- Special Sections
- Public Notices
MOSCOW (AP) — The suicide bomber who killed 35 people and wounded 180 at Moscow's largest airport was a 20-year-old man from the volatile southern Caucasus region, Russian investigators said Saturday.
Breaking a five-day silence over the probe, federal investigators also said foreigners were deliberately targeted, marking an ominous new tactic in Russia's losing battle with extremism.
Islamist rebels from the Caucasus, a group of mountainous Russian provinces that are beset with an entrenched separatist insurgency, had been widely suspected in the attack at Domodedovo Airport.
Saturday's statement from federal investigators confirmed a suicide blast involving a bomb containing shrapnel. While authorities say they know the identity of the perpetrator, they suggested they still don't know who masterminded the attacks.
"Despite the fact that we know the name of the terrorist, we won't name him today ... since investigative searches are ongoing to identify and detain the organizers and accomplices of the terrorist act," the statement said.
Investigators also confirmed fears that foreigners in Russia had for the first time entered the terrorists' crosshairs; the victims included one person each from Britain, Germany, Austria, Ukraine, Tajikistan, Kyrgyzstan and Uzbekistan. There were at least 16 Russians among the dead.
"It was no accident that the terrorist act was carried out in the international arrivals hall. According to the investigation, the terrorist act was aim first and foremost at foreign citizens," the statement said.
No one has yet claimed responsibility, however, for the blast, the latest in a surge of attacks that the Kremlin appears helpless to stop. Critics say attacks have risen sixfold since Vladimir Putin became president — on a ticket to fight the scourge of terrorism — in 2000.
The Interfax news agency on Friday cited an unidentified law enforcement source as saying that surveillance video showed an unaccompanied male suspected suicide bomber, clad in a black jacket and baseball cap, standing in the area for about 15 minutes before the blast.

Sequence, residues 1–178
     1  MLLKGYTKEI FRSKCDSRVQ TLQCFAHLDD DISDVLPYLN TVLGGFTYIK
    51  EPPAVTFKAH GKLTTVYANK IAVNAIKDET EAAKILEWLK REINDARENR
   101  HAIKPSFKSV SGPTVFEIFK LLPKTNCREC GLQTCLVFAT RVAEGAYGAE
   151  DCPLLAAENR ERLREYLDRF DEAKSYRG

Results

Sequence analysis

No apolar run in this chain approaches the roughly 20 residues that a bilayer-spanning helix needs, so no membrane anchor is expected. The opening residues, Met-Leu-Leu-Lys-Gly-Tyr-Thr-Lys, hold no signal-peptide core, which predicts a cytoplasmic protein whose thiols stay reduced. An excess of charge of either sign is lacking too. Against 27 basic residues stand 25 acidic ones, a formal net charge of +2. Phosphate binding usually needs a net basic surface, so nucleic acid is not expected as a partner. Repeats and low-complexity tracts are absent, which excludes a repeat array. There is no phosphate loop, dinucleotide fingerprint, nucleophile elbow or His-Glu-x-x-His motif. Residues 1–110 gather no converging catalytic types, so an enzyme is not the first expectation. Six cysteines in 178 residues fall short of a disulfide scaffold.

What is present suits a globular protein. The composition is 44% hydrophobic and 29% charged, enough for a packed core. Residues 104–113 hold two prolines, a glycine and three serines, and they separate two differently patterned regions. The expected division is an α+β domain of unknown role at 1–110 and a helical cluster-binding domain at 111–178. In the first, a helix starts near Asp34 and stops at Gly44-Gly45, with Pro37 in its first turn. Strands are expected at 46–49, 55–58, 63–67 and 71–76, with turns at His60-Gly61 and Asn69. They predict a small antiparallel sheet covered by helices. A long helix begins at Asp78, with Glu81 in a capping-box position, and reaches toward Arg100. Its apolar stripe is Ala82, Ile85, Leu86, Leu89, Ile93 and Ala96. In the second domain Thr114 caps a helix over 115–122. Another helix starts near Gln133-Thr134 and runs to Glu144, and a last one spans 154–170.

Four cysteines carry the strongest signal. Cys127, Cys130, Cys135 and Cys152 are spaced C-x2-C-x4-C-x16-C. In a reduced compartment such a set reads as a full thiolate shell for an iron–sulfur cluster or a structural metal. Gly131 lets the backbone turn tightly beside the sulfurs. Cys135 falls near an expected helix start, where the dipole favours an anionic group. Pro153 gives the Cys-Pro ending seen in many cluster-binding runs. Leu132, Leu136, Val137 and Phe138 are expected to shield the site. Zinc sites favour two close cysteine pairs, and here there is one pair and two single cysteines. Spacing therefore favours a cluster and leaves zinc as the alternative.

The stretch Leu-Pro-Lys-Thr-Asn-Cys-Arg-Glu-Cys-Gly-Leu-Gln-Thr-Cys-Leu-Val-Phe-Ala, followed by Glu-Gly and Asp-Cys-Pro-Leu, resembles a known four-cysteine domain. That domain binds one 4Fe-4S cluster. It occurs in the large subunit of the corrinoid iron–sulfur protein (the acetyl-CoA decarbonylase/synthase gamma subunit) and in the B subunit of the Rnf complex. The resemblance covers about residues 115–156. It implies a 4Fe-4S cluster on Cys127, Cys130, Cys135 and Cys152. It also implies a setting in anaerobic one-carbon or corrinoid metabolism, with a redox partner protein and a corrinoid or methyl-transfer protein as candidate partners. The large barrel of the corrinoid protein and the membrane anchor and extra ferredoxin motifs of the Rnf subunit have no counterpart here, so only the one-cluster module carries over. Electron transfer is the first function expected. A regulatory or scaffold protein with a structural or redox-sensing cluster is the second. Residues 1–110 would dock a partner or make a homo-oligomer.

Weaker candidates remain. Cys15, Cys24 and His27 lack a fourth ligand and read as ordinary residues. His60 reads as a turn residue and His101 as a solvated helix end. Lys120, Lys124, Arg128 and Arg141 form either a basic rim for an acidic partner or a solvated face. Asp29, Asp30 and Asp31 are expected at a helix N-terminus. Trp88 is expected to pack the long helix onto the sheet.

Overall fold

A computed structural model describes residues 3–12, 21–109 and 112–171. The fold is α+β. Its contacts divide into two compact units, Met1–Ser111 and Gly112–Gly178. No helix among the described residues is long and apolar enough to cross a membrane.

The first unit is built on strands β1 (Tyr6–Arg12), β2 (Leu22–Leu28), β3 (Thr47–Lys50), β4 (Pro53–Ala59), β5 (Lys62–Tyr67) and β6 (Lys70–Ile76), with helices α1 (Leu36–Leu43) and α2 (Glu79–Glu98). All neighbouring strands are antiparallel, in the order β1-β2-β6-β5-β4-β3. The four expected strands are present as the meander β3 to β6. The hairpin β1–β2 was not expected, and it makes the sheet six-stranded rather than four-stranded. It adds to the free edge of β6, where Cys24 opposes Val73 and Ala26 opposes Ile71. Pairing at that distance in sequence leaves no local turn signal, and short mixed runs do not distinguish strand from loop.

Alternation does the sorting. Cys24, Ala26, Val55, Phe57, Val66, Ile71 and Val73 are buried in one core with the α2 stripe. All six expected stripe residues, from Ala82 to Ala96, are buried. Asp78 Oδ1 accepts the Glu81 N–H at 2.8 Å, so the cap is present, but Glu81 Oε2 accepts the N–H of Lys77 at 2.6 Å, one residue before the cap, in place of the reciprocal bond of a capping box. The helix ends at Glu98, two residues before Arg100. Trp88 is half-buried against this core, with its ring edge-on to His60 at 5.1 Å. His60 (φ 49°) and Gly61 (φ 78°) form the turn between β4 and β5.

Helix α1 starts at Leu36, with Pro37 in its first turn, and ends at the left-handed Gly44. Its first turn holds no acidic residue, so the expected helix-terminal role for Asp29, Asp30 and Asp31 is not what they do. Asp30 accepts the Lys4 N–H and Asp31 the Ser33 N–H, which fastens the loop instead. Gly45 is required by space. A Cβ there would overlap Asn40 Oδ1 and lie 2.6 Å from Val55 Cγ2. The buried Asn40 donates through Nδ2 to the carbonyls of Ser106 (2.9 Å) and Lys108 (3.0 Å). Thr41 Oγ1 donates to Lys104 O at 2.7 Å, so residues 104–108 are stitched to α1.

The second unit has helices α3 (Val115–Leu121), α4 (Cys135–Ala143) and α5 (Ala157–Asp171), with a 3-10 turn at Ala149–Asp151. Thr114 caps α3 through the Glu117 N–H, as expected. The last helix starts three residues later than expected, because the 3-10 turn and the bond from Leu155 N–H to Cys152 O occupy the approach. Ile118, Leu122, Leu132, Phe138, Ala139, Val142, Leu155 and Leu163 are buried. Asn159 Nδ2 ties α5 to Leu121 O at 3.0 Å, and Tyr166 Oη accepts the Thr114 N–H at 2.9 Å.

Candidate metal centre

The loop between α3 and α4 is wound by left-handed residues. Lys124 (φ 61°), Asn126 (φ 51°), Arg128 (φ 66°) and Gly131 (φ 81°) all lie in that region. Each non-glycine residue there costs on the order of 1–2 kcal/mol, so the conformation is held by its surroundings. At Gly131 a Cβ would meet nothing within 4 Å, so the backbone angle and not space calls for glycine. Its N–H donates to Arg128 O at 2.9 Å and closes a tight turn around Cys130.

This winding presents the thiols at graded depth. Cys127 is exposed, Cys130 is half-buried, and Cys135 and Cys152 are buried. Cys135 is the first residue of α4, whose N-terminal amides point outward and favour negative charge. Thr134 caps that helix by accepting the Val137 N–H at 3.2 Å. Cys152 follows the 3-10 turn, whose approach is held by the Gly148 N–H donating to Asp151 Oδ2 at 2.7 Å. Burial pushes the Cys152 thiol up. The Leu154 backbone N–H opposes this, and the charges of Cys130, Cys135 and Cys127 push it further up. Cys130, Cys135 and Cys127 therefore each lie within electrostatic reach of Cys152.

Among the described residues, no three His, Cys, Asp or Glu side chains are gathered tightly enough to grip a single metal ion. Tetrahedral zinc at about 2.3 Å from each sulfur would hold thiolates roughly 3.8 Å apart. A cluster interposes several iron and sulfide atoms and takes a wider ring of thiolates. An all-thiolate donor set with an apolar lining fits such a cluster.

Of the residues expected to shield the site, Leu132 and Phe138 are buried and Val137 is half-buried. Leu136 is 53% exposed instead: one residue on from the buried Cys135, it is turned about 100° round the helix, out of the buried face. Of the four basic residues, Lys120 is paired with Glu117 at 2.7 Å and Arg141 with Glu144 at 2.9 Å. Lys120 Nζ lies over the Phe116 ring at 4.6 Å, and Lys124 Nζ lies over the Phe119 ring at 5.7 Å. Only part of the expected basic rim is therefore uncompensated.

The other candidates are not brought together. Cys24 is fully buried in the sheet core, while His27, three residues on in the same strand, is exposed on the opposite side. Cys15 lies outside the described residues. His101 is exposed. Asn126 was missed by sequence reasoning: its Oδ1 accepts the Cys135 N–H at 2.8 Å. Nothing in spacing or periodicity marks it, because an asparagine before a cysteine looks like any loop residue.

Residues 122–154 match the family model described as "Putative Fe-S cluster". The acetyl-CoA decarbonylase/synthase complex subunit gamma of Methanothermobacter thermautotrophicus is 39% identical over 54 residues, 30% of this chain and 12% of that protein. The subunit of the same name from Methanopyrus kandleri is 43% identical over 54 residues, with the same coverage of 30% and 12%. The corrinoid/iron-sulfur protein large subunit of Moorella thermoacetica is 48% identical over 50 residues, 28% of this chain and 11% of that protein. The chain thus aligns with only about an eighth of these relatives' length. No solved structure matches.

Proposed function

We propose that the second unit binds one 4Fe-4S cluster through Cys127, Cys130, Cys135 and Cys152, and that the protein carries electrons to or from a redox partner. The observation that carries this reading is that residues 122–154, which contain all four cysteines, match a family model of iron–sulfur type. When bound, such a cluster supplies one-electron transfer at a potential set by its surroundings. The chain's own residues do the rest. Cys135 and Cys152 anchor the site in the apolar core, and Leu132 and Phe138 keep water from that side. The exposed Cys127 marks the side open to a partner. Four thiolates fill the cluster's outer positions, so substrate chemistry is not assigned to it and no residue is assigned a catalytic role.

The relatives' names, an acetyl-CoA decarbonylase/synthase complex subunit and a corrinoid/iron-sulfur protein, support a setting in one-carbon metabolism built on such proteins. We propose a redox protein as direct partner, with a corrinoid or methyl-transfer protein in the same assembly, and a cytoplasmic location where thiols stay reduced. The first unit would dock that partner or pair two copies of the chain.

Some media have shown photos of a severed head believed to be that of the bomber and say the head has been sent to a forensic laboratory for DNA analysis.
After the Domodedovo blast, suspicion initially fell on Chechen insurgents. However, Prime Minister Vladimir Putin said preliminary evidence showed no connection with Chechnya.
Caucasus rebels have claimed responsibility for a number of deadly attacks over the years, including a double suicide bombing on the capital's subway system in March 2010 that killed 40 people. They also have hit Domodedovo Airport before, with two suicide bombers slipping through its security in 2004 and boarding two planes that exploded in mid-air, killing 90 people.
The violence stemming from the predominantly Muslim Caucasus region originates from two bloody separatist wars in Chechnya in the past 15 years. Federal forces wiped out the large-scale resistance, driving the insurgency into the mountains and into neighboring provinces. The rebels seek an independent Caucasus emirate that adheres to Shariah law.
The rebels still mount regular attacks on police and security forces in the region, according to police reports. Human rights activists say their violence is provoked by a savage crackdown on peaceful civilians by authorities in the region, and hold Chechen President Ramzan Kadyrov and his feared private army to blame. Kadyrov, a former rebel himself until he switched sides and was subsequently installed by the Kremlin as president, denies being behind disappearances, torture and extra-judicial killings that rights activists say plague the region.
The Caucasus hosts at least 100 ethnicities including Chechens, who resisted czarist conquest of the region for hundreds of years.
Since the Domodedovo blast, a half-dozen transport and police officials have been fired. President Dmitry Medvedev said after the blast that Domodedovo's security was in a "state of anarchy."
Russia's parliament on Friday gave preliminary approval to a law creating color-coded terrorist threat alerts, a measure rushed forward in the wake of the airport bombing. The proposed law is modeled on the U.S. system instituted after the Sept. 11 attacks, which Washington announced Thursday it would be abandoned by the end of April and replaced with a new plan to notify specific people about specific threats. Critics had complained the general color alerts were unhelpful. Russia's State Duma, or lower house, unanimously approved the bill Friday in the first of three required readings
The attack stained Russia's image at a vulnerable time, coming just before Medvedev's appearance at the Davos World Economic Forum to try to woo international investment. The explosion also called into question Russia's ability to safely host major international events such as the 2014 Winter Olympics and the 2018 World Cup.